“Autocracy versus democracy” does not usefully describe the moment. It feels like a discarded line from some kind of late-night brainstorming session. … No, it’s not about democracy versus autocracy. The wheels are coming off. Our predecessors bequeathed to us a period of unprecedented tranquility. They were not infinitely wise in getting us here — no wiser than we are. But we grew up used to it in ways they could never imagine. We assumed order was normality, that peace was what naturally arose when power-hungry hyperpowers minded their own business. A better and more just world was there for the taking, if only we were moral enough to push for it.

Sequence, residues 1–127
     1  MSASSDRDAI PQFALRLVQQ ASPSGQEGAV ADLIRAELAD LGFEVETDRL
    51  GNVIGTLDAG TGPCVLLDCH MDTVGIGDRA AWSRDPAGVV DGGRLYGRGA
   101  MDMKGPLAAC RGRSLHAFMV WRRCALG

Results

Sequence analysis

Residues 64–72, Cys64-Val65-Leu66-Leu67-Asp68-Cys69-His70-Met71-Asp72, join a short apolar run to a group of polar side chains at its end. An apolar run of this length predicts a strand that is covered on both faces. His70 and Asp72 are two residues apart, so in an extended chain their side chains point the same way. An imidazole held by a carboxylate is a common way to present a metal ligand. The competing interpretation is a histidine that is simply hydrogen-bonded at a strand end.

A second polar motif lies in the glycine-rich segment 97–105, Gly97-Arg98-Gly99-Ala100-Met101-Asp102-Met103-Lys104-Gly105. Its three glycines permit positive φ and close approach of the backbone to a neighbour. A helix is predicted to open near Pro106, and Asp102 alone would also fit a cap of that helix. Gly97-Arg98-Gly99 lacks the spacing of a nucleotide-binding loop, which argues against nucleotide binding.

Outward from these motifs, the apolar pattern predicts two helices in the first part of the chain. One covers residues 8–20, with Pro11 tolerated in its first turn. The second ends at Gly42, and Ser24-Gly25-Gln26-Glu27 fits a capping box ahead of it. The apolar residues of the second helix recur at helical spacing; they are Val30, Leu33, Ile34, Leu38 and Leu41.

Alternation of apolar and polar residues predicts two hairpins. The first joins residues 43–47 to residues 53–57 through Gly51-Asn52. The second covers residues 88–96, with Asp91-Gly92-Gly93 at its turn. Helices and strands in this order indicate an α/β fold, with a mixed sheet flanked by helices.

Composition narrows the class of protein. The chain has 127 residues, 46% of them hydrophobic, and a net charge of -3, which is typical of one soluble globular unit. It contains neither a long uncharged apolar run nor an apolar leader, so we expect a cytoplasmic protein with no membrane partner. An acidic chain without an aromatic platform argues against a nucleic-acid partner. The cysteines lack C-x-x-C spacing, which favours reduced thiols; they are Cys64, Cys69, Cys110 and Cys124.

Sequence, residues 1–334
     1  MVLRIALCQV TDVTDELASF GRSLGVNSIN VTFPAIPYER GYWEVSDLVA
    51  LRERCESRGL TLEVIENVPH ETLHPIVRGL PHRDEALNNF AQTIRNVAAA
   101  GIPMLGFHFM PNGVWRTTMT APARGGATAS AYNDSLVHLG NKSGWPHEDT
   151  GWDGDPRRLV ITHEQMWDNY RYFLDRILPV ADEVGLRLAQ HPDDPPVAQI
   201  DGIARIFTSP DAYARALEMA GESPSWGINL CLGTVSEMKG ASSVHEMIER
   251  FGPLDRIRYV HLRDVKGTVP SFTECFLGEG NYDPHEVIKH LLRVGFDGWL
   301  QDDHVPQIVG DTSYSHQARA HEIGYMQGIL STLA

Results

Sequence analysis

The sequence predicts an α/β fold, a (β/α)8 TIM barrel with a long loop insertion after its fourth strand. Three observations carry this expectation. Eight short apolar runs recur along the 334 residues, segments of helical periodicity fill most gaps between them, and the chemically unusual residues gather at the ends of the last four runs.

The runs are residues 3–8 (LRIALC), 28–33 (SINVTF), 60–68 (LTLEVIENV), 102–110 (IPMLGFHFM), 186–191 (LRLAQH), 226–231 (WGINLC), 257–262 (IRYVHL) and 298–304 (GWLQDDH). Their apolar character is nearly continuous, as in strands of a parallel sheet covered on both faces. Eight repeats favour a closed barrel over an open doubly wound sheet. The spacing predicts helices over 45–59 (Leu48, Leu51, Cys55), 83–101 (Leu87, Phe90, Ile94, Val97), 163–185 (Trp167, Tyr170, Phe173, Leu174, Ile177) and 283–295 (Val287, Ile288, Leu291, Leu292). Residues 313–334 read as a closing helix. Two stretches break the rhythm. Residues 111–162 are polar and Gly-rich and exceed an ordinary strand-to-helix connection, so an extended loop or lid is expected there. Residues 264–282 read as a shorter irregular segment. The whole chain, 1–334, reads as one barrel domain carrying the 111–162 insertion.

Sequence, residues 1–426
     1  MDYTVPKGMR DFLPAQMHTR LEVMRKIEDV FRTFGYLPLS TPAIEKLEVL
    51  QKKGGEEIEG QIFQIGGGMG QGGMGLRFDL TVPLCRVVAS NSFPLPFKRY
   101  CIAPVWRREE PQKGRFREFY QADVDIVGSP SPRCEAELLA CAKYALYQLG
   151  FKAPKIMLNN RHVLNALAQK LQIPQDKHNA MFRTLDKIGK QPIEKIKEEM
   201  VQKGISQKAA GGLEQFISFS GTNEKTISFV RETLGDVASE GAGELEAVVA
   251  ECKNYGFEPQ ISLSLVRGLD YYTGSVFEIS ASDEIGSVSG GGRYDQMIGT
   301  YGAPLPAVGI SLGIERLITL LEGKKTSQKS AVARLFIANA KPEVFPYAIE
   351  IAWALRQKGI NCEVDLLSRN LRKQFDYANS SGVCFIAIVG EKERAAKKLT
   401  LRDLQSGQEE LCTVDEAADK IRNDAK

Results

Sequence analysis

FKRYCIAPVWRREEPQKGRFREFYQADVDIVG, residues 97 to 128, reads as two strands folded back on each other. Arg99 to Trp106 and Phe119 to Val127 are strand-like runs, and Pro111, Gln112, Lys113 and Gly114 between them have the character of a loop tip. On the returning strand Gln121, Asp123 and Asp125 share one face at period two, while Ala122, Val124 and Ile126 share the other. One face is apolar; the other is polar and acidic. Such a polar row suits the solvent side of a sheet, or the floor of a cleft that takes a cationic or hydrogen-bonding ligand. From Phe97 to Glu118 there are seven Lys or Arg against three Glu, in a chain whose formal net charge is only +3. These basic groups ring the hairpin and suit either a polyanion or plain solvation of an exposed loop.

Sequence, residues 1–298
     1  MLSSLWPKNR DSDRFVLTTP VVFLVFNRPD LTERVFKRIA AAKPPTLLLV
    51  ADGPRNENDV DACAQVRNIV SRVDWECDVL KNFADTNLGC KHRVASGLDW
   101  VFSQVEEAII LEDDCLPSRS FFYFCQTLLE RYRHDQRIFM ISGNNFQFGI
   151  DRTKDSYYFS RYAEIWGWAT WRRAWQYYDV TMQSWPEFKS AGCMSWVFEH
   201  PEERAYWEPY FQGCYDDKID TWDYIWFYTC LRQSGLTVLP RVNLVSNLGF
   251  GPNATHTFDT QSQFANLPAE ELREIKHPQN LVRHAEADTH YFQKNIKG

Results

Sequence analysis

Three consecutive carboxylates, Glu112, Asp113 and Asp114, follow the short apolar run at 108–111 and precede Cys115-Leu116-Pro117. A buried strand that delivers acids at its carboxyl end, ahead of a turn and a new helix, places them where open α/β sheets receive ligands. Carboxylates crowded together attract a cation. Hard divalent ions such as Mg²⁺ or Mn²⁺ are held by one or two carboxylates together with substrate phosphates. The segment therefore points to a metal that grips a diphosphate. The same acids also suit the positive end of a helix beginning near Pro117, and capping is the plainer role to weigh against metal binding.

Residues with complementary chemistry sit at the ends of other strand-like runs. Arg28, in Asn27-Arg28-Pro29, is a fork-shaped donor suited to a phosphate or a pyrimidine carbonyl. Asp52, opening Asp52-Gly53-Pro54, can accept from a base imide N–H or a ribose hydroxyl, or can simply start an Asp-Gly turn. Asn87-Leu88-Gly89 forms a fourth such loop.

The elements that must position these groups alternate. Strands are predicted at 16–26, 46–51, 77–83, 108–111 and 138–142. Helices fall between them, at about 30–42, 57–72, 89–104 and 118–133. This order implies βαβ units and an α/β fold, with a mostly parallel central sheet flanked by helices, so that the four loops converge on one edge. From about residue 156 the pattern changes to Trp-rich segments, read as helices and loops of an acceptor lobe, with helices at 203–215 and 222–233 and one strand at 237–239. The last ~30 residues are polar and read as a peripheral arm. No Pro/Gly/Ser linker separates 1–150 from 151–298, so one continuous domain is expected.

An exaggeration, perhaps; and yet, I find myself wanting to respond to the unfolding global disorder by just doubling down on my effort to focus on my regular daily life—work on client projects, get the kids to school and back and to appointments, clean the gutters, winterize the sprinklers, wash the dishes, sweep the floor. There is a lot to be said for the mental and spiritual health aspects of focusing on the now and just doing what one can. But at the same time, I have the nagging sense that there is more global disorder and disruption to come, that the U.S. government has been so hollowed out by partisan efforts to incapacitate it that it would not be able to respond, and that the U.S. economy would not be able to handle a major conflict in Asia—to say nothing of the military, which would be undersupplied due to the lack of a sufficient domestic production base.